Music To Eat

An Eclectic Gastronomy of Sound


It’s a haunting image. It stays in the mind partly because of the questions it raises: Why is the woman in the water? Why is she wearing an evening gown? Why is she in that semi-rigid pose? At first glance you might think she’s dead, but that outstretched-arm pose shows that she’s not. There’s a somewhat menacing, foreboding quality to the image, due to it’s shadowy blacks, whites, and grays and also to the underwater bottom beneath her which almost appears to be reaching up to drag her down.  I first saw this image attached to the Bill Evans/Jim Hall jazz album from 1962 called Undercurrent:
The title added to the mystery and darkness of the image – was she about to be pulled in by an undercurrent? Yet, she doesn’t look especially scared or anxious to me, which tempers the foreboding and adds more depth (no pun intended) to the story in our minds that we might attach to the photo.

In actuality, the picture was taken by photographer Toni Frissell in 1947 at the mermaid attraction Weeki Wachi Springs in Florida.  Knowing this is a bit of a letdown, as it removes the mystery (it was a performer at a tourist attraction?!). Yet, it’s still a great work of art, and I have a different kind of attachment to it knowing it’s circumstances. Growing up not more than an hour from Weeki Wachi, I have fond memories of visiting the Springs as a child and have been back just in the last few years with my daughter. The mermaid shows are still going strong (though the mermaids have tails now) and they still perform in the natural spring, accompanied by local wildlife such as turtles and the occasional manatee.

I don’t really like how they colorized the picture for the Evans/Hall release, but I do like the undulating font they chose.  The album has since been reissued sans type on the cover, with the original uncolorized photo, yet lightened considerably, which gives it yet another feel.  I like the clearer, higher defined bottom.  Still others have added more realistic color. Both examples here:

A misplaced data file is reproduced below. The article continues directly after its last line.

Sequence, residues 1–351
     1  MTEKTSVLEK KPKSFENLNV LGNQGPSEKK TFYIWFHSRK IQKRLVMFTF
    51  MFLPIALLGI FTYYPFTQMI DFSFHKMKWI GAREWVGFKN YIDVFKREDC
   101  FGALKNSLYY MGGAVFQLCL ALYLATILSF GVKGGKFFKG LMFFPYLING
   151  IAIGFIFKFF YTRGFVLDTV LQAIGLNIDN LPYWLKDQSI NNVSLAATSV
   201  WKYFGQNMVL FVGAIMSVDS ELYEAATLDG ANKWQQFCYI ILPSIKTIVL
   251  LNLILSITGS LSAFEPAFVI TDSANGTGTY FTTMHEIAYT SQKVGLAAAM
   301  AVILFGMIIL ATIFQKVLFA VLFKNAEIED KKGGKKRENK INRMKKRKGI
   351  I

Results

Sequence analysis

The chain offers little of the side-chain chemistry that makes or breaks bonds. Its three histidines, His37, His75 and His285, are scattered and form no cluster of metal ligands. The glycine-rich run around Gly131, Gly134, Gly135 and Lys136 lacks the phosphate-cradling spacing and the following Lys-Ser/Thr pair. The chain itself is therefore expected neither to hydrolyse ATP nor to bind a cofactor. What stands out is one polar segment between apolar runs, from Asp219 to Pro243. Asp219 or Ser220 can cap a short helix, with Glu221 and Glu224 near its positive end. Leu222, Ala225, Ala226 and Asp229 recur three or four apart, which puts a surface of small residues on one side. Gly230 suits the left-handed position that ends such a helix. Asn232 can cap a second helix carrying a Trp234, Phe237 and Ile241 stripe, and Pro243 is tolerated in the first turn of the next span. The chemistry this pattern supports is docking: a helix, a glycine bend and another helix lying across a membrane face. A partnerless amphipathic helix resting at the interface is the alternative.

But the saga of “Weeki Wachi Springs, Florida” is not quite over. Because the image is in the public domain (out of copyright), other bands have appropriated it to illustrate their album covers in the years since “Undercurrent”. This shows either shameless copying or ignorance of it’s already being used as a cover before (yet, they all used the “blue” version from the Evans/Hall “Undercurrent”…hmmmm….)
So, what does the music on the recording that first used Frissell’s iconic image sound like? Well, it’s straight ahead jazz. Evans (piano) and Hall (guitar) are considered masters of their instruments and are legends in the jazz world. Hall is still recording, though Evans died over 30 years ago. It’s not an album I listen to much, I think mainly because I wanted the music to sound like the cover and it really doesn’t.  Though, to be fair, it would be hard for anyone to translate such an image to sound.


3 comments on “Undercurrent

  1. d
    August 2, 2011

    So, the question remains: What is art? Perhaps, we are not supposed to have all of the answers, and maybe the image, regardless of where it was made, exists as a catalyst to cause the mind to explore regions beyond the surface, the practical. William Blake wrote poems that are a series of questions, never really becoming dogmatic, purposeful to only stimulate the thought process. Sort of like Manresa!!!!

  2. Rob
    August 3, 2011

    I like that viewpoint! The image does indeed exist as a catalyst to cause the mind to explore regions beyond the surface…well said.

  3. Elizabeth
    August 5, 2011

    Love this. I have always liked that image and did not know it was used for other albums and did not remember? it was shot at Weeki Wachi…local cool stuff 🙂
    Of course I love the top image best, don’t care for the “blue” at all. Maybe the other covers used blue also in homage to the first cover? Thanks Rob :0

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This entry was posted on August 2, 2011 by in Art on the wall and tagged , , .

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